Addison Powell (February 23, 1921 – November 8, 2010) was an American actor whose numerous television, stage and film credits included Dark Shadows, The Thomas Crown Affair and Three Days of the Condor. He was best known for playing Dr. Eric Lang, a mad scientist who created Adam, on Dark Shadows.
Powell was born in 1921 in Belmont, Massachusetts. His parents, Edward Henry and Kathrene (née Barnum) Powell, were school teachers. Powell received a bachelor's degree from Boston University. He enlisted in the U.S. Army Air Force as a navigator during World War II. Powell ultimately flew more than 30 combat missions as a navigator on board B-17 bombers from their base in East Anglia, the United Kingdom. He earned a second degree from the Yale School of Drama following the end of the war. Powell married his wife, Bunnie (née Rowley) in 1950. The couple had three children during their marriage and resided on the Upper West Side of Manhattan.
Powell's film credits included The Mating Game (1959) with Debbie Reynolds, In the French Style (1963) with Jean Seberg, and The Thomas Crown Affair (1968), the latter in which he played Abe, a bank robber, opposite Steve McQueen. In 1975, Powell appeared in The Reincarnation of Peter Proud with Michael Sarrazin, and played a rogue CIA officer in Three Days of the Condor, which starred Robert Redford. He portrayed Admiral Chester W. Nimitz in the 1977 biopic, MacArthur, which starred Gregory Peck, and later appeared in the 1987 murder mystery film The Rosary Murders, opposite Donald Sutherland and Charles Durning.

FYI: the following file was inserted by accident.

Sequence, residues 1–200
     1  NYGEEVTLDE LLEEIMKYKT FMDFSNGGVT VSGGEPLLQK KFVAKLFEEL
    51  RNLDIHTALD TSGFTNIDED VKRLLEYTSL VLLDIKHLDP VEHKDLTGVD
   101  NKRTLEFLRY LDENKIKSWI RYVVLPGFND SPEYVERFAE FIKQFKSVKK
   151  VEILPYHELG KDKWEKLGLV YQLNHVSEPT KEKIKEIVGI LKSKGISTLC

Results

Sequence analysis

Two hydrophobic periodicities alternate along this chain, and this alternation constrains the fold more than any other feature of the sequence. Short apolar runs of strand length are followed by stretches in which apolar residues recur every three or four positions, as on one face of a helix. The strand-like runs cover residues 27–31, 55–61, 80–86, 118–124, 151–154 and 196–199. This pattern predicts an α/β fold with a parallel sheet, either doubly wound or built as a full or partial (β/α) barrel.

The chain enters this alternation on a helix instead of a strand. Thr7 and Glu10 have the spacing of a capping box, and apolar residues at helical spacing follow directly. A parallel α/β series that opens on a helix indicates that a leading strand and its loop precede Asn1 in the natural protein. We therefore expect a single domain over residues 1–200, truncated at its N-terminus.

His television credits included roles in the first seasons of both Law & Order and The Mod Squad. Powell also had a recurring role as Dr. Eric Lang in the television series, Dark Shadows, which aired on ABC from 1966 until 1971. He guest-starred in an episode of Gibbsville in 1976 and co-starred as a detective in the 1977 television film, Contract on Cherry Street, with Frank Sinatra and Martin Balsam. In 1988 he appeared as Admiral Harold Stark in the miniseries War and Remembrance, opposite Robert Mitchum.
Addison Powell died on November 8, 2010, at 89 years old, and was survived by his three children, Mary, Julie and Michael; eight grandchildren; and a younger brother, Edward Powell. His wife, Bunny, died in 1995. Powell had resided in Vermont for twenty-two years, most recently at the Shelburne Bay Senior Living community in Shelburne.